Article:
News that Prague-listed utility ČEZ will sell one or two coal-burning power plants with a capacity of 800–1,000 MW in a bid to end a European Commission probe into suspected anti-competitive behavior (and in line with plans to divest from carbon-emitting power generation capacity) has been welcomed by the markets. State-controlled ČEZ — which denies any wrongdoing — had faced a fine of up to 10 percent of its 2008 global turnover of $5.2 billion.
Chunks of a Ministry of Environment–piloted bid to reward Czech power companies, primarily state-controlled ČEZ, with free carbon emissions allowances in return for investments in cleaner electricity production have been rejected by Brussels officials with another problem stemming from concerns that Czech bid will excessively boost ČEZ’s market position.
Czech Prime Minister Petr Nečas (Civic Democrats, ODS) gave a brutal warning that the country’s budget deficit could jump to a staggering 6.0 percent of GDP if the billions of euros in payments from EU funding for programs now frozen — due to doubts in Brussels about how the money has been used and accounted for by the Czechs — are not cleared up.
The Ministry of Industry has lodged a proposal for a new oil or oil products tax to help boost the country’s strategic reserves to 120 days from 90 days. New EU legislation demands countries stock specific oil products as well as oil and tighten up the oil storage rules with an end year deadline for measures to be taken.
A long-running legal battle between Czech ministries and the European Commission over high agricultural goods surpluses run up by the country before joining the EU has resulted in a court victory for Prague. The Czech Republic can now seek the return of the €12.287 billion fine which has already been paid.
With billions of crowns in EU funding frozen, the Czech government is finally taking action. Finance Minister Miroslav Kalousek (TOP 09) is planning to gather all the auditors responsible for controlling EU grant expenditure from various regions and regional bodies into a single unit within his ministry. According to a number of sources, however, the Finance Ministry holds its fair share of responsibility for misuse of EU funds and flawed surveillance.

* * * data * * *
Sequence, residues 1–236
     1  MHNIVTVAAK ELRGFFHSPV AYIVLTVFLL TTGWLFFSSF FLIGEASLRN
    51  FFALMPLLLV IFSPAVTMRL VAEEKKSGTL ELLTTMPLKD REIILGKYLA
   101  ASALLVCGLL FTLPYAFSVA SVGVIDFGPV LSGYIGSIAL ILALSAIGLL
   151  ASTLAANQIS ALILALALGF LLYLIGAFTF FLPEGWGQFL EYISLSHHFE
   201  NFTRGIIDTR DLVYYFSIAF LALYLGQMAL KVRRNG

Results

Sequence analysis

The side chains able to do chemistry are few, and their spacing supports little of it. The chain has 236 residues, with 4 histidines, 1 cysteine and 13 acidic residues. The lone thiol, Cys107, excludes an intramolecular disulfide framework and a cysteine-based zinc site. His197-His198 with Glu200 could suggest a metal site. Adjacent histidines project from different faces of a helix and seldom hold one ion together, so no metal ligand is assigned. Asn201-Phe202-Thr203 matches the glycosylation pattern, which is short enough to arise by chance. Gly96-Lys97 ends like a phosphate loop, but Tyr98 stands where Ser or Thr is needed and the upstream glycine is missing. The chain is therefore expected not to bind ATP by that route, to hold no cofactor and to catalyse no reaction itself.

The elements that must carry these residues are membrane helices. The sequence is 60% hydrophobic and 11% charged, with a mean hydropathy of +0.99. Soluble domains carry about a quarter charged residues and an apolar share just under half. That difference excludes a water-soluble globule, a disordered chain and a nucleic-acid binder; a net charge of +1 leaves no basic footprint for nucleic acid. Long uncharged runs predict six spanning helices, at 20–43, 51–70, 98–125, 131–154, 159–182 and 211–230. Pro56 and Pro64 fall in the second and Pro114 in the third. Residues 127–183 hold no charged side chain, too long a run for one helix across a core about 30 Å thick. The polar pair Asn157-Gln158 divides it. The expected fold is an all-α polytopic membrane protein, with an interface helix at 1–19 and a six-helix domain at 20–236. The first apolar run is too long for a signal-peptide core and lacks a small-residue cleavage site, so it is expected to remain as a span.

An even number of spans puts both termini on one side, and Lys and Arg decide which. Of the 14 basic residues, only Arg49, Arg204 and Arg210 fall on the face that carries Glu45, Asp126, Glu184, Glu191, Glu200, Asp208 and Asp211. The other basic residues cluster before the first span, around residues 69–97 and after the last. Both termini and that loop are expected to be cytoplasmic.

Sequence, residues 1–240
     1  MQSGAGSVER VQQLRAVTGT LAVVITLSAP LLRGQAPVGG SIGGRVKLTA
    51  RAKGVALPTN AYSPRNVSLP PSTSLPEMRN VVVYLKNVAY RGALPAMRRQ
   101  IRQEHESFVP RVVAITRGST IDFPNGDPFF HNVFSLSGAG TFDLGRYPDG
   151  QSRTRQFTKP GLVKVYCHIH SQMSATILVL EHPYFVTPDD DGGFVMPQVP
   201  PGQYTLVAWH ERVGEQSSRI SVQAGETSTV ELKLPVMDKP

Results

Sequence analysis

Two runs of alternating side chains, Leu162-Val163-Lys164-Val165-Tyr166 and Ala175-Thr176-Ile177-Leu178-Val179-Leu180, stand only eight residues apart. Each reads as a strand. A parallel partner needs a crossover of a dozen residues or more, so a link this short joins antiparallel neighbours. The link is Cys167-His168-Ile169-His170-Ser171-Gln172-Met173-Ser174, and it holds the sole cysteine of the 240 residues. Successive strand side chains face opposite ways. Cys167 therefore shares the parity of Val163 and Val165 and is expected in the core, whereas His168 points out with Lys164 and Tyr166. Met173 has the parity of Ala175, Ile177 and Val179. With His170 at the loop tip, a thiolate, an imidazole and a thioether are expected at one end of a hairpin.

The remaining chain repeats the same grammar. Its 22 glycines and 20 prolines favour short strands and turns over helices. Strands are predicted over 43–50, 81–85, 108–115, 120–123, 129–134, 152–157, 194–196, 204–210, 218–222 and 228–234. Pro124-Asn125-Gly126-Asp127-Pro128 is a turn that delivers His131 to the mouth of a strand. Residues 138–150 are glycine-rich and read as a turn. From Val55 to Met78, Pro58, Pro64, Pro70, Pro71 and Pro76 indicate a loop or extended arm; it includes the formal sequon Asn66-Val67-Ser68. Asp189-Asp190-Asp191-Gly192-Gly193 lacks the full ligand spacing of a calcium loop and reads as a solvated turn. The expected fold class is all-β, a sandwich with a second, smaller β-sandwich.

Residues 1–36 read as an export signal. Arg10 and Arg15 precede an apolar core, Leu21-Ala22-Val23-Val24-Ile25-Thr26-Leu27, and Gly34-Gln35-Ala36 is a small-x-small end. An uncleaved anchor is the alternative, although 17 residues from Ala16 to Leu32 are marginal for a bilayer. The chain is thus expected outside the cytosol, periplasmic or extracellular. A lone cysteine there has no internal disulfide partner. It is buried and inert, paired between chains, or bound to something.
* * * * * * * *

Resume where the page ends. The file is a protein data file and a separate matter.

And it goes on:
The spotlight has been put on serious European Commission reservations over Czech supervision of the way its funding is spent and administered as the Finance Ministry says it will not be seeking reimbursement of cash for two key structural fund programs until June. By then, Prague hopes to have satisfied Brussels with stepped up supervision which will deflect a much more damaging funding freeze.
Prime Minister Petr Nečas says cabinet ministers in the three-part coalition government have given him a mandate not to sign the EU’s new budgetary discipline treaty at the EU summit in Brussels on Thursday and Friday. Nečas admits, however, that the cabinet remains divided over the treaty while again stressing that the Czech Republic could always on to sign on to it later.
Deputy Interior Minister Radek Šmerda announced Monday that internal audits and investigations launched last summer have revealed that in the past “dozens of millions of crowns” of EU funds were misspent or even embezzled. He added that the ministry has already responded by filing four criminal complaints with the police and more may follow.
A tender to build the new track between Rokycany and Plzeň in western Bohemia is being billed as the largest rail infrastructure project in 20 years. Originally forecast to cost around Kč 10 billion, the Railway Infrastructure Administration (SŽDC) says it now expects offers even lower than Kč 7.5 billion. The new track will, however, only cut the journey time between Prague and Plzeň by six minutes.